OPINION: Don't use new proposed social media bill to gag freedom of speech


By Muhindo Morgan

Government according to the Minister for ICT and National guidance is mooting a law to regulate social media use in Uganda. Of course, until bill is presented before parliament, yours truly can only speculate what its objective(s) is or are.

For starters, social media which includes; social networking platforms like Facebook, WhatsApp and Telegram; microblogs like Twitter and LinkedIn; Vlogs like YouTube, Likee and TikTok; Social Bookmarking and Social News platforms like Reddit among others have become prodigiously important and indispensable in all facets of our lives, yet regulators continue taking knee-jark reactions and playing catchup of course not without goofing here and there.

For context, social media platforms (characterized as intermediaries) are now basic utilities for business operation, and enablers of exercise of basic human rights and freedoms. Yet still, they continue being misused by some wrong elements in the society which would justifiably necessitates regulation.

Uganda is not the first and I can bet my thumb, we will not be the last to raise a cat-o'-nine-tails on social media platforms and users, obviously, for good and underhanded motives. For good reason; to make social media safe for all including children and women facing cyber bulling, harassment and stalking without legal recourse, but also underhand to; censor, persecute and silence dissidents.

Social media conspiracy theories ReutersFake news has been spread easily on social media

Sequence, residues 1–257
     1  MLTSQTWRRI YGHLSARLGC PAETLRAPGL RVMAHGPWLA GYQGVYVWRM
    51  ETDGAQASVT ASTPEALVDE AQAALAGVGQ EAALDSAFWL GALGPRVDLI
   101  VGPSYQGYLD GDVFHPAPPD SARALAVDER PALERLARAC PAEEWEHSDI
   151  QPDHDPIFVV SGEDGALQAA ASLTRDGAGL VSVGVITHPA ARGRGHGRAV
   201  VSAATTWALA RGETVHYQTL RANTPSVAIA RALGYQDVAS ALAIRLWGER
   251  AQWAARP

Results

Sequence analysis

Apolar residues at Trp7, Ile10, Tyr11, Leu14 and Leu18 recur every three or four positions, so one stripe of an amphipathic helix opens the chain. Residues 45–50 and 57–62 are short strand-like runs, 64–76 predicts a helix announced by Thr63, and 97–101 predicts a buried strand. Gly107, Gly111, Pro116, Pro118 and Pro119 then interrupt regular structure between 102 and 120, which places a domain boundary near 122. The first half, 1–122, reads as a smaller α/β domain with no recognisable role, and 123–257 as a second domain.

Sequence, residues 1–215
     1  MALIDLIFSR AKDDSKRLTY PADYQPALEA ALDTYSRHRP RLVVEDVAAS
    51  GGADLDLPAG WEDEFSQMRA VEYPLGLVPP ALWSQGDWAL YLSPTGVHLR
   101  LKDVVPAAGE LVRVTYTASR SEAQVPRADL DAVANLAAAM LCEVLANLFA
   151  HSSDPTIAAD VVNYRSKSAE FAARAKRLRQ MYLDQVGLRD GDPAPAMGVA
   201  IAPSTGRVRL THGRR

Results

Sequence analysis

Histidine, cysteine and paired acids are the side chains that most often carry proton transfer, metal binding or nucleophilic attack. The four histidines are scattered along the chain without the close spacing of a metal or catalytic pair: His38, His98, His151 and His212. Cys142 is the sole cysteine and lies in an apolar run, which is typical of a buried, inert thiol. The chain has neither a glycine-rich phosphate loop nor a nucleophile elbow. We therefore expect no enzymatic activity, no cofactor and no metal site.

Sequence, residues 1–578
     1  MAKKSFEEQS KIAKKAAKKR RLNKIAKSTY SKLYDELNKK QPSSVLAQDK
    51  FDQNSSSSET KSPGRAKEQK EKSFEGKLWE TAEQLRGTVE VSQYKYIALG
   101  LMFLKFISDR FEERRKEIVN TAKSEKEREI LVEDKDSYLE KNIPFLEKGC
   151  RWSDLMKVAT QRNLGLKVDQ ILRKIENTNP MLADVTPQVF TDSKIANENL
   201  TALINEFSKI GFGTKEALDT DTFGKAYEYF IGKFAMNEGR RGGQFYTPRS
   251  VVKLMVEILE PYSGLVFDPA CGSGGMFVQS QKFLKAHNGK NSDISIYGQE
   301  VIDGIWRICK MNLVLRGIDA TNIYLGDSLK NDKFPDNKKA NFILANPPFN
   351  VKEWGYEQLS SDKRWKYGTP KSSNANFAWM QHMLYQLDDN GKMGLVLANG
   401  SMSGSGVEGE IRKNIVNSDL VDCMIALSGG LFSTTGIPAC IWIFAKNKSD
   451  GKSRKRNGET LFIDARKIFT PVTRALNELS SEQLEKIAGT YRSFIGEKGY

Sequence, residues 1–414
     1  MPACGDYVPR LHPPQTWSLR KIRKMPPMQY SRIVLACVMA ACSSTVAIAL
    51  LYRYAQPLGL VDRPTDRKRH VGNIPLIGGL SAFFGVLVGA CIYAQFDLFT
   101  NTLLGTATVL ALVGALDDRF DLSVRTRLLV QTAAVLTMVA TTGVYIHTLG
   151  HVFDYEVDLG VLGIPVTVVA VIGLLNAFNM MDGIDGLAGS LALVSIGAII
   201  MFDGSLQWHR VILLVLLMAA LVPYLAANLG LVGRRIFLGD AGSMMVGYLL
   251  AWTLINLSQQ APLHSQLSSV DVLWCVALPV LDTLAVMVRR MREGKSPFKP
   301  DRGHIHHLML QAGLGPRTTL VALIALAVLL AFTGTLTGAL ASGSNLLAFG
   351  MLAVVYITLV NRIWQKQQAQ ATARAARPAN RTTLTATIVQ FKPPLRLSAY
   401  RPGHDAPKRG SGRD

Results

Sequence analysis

From experience, the intended law is likely to be a fierce hound cutting throats and removing “venomous” tongues of Lumbuye and the like for their speech flagged “false news/opinions” even when you and yours truly know or must know that it is protected under the ‘mother’ of all laws in this country. The other likelihood is waiving the statutory immunity against third party (read users’) content liability that intermediaries are clothed with under the Electronic Transactions Act, 2011.

Holding intermediaries (mere conduits) responsible for the content of third parties is turning them into news/opinions editors and obviously incontestable censors. Regulation of expression is too precious to be handed over to tech-giants whose sole purpose is to make money.

Consequently, if that is the path we intend to take, we lose the already shrinking moral and legal authority to brag with the civilised about democracy, good governance and respect for human rights.

This is why we lose; at the core of democracy is citizen participation which is realized through protecting and respecting the right to freedom of expression. Meaningful participation of the governed in their governance, which is the hallmark of democracy, is only assured through optimal exercise of the freedom of expression. This is as true in the new democracies as it is in the old ones.

Free expression and access to information are both fundamental for individual self-fulfillment and facilitate scrutiny over authorities we gave our will under the concept of social contract.

Social media platforms no doubt provides that unprecedented space for optimal exercise of the freedom of expression, they are intriguing, interactive and provide netizens with a sense of autonomy and security; many express themselves freely without fear of political persecution and societal reprisal.

The existing regulatory framework is sufficient to solve any mischief government intends to solve.

The author Morgan MuhindoThe author Morgan Muhindo

By Muhindo Morgan

Digital rights Lawyer.

Email: morganapollo22@gmail.com

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